|War, Literature & the Arts: An International Journal of the Humanities|
From time immemorial, war and art have reflected one another, and it is this intersection of war and art that WLA seeks to illuminate. If it seems to fall to the historian to make distinctions among wars, each war’s larger means and ends, the trajectory for the artist, regardless of culture or time, seems to fall towards an individual’s disillusionment, the means and ends of war played out in the personal. For the individual soldier, the sweeping facts of history are accurately written not in the omniscient, third-person plural, but in the singular first. We live in a culture that values the individual. Our works of art about war mirror this welcome bias.
Of course Art and Life are different—if they weren’t we wouldn’t need art. And if Art generally strains towards making sense, most of us have lived long enough to know that Life is under no such obligation. W.H. Auden, who came into his fullness as a poet as fascism was creeping across Europe, wrote about that scourge and then concluded that “poetry makes nothing happen,” that nothing he ever wrote saved one Jew from the gas chambers. Yet, art markets authority, else why would officials at the United Nations have decided to cover the tapestry of Picasso’s searing Guernica, as council members met to discuss the start of Gulf War II? In the long haul of history, a stone ax crushing a skull is no different from a Tomahawk missile except in its efficiency. We have as much to learn from The Iliad as we do from The Hurt Locker.
At its best, WLA is witness to the power of word and image and for the human craving for meaning. And if one of the functions of art is to disturb the status quo, to force us to view the world anew, to consider our capacities to build or tear down, then we welcome those disturbances. We would, however, be dismissive of the complexity of the subject WLA seeks to explore, if we did not remind ourselves of John Stuart Mill’s notion that war, although an ugly thing, is not the ugliest of things. More spurious, Mill instructs, is the person who is unwilling to fight for anything larger than his or her own personal safety.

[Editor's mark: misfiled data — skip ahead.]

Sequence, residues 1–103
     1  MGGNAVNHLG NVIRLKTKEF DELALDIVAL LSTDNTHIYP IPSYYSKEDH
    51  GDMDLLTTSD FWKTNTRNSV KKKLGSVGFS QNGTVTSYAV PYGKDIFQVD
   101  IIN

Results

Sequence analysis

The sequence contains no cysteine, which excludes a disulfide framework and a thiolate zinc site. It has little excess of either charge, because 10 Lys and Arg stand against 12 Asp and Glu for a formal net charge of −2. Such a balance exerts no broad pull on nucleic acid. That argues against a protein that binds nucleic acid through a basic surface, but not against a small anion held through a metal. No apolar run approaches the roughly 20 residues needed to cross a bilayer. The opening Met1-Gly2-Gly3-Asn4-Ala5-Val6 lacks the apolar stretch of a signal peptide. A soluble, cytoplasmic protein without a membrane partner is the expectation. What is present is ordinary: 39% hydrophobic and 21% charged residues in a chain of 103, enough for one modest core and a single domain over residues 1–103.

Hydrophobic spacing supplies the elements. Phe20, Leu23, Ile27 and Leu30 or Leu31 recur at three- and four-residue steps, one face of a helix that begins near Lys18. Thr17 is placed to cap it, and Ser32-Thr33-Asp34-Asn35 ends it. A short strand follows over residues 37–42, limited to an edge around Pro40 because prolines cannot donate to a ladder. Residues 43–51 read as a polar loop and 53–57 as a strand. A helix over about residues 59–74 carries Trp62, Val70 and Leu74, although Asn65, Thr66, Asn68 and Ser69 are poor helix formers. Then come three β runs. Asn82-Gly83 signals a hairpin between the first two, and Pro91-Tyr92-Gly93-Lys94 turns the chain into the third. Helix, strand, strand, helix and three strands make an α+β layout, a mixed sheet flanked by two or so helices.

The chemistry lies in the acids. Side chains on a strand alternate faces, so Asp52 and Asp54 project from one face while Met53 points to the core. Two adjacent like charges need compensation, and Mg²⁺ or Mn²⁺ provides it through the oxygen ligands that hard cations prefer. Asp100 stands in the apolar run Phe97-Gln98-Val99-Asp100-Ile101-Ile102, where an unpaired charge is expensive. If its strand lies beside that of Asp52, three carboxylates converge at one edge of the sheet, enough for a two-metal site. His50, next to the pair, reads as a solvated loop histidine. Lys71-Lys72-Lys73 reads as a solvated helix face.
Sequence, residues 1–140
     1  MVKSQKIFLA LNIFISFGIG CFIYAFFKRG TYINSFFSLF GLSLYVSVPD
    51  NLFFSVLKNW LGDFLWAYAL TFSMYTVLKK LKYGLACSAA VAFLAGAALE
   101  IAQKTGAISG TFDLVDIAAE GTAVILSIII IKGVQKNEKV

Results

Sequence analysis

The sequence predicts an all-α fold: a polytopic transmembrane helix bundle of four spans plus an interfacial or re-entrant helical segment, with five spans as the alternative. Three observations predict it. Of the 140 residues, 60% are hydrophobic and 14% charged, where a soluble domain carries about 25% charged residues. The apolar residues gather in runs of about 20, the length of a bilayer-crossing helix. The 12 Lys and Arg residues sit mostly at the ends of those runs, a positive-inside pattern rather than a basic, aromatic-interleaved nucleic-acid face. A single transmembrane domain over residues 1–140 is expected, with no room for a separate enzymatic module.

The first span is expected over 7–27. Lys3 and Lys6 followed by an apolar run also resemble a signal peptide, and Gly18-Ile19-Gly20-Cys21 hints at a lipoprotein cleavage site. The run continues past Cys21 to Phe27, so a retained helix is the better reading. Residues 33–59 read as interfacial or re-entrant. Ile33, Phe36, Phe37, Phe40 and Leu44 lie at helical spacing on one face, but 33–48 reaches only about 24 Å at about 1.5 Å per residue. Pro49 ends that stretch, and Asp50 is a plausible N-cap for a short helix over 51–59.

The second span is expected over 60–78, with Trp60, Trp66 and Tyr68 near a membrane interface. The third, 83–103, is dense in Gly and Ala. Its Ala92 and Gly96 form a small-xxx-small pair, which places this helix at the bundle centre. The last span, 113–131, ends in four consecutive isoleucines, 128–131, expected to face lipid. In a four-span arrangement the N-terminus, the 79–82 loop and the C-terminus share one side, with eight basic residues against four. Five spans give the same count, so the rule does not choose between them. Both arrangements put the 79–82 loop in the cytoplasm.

In WLA, we strive to include voices from many perspectives. We sense that Tim O’Brien hits the mark when he writes in “How to Tell a True War Story”:
War is hell, but that’s not the half of it, because war is also mystery and terror and adventure and courage and discovery and holiness and pity and despair and longing and love. War is nasty; war is fun. War is thrilling; war is drudgery. War makes you a man; war makes you dead.
You can tell a true war story if it embarrasses you. If you don’t care for obscenity, you don’t care for the truth; if you don’t care for the truth, watch how you vote. Send guys to war, they come home talking dirty.
Aristotle’s notion that History accretes, but only Poetry unifies is a notion we subscribe to. Art grants access to a larger world, allows us to live other lives, allows us to examine the quality and meaning of our own lives. Whose very earliest recollections do not include the request, Tell me a Story? The human race needs stories. We need all the experience we can get. Before we made fire, before we made tools, before we made weapons, we made images. Art, at its deepest level, is about preserving the world.
War, Literature & the Arts is published in print and online at http://wlajournal.com.